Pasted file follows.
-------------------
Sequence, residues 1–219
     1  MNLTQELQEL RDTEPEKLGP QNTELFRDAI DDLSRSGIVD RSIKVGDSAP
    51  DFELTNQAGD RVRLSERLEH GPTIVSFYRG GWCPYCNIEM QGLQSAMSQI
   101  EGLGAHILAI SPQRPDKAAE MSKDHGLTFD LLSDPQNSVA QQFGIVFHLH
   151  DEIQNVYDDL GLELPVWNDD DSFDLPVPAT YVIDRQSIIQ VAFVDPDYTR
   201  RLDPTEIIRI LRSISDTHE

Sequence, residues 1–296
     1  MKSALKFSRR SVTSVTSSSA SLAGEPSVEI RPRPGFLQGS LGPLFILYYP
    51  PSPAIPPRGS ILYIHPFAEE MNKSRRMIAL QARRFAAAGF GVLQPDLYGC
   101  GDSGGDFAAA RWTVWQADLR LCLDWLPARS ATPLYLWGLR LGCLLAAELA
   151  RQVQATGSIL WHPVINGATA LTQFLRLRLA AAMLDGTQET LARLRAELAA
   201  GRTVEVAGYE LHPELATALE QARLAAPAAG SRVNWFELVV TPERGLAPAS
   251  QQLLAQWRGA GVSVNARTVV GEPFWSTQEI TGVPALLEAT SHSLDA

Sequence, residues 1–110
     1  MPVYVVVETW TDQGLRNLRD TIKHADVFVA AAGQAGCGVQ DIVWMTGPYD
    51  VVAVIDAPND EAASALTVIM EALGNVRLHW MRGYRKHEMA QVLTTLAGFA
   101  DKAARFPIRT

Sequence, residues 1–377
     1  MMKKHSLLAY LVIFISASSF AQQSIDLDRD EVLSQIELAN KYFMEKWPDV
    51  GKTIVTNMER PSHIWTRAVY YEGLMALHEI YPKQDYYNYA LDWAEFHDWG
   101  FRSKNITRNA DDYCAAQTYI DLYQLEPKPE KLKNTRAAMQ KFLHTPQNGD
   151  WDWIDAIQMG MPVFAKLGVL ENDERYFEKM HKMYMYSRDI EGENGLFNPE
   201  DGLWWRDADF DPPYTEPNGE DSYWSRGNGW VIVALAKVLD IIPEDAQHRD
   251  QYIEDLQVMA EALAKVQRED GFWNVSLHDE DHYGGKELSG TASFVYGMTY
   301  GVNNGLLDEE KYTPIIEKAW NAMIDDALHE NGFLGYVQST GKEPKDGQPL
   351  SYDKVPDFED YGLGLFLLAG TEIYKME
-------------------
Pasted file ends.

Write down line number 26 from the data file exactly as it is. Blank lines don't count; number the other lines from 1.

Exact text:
   351  SYDKVPDFED YGLGLFLLAG TEIYKME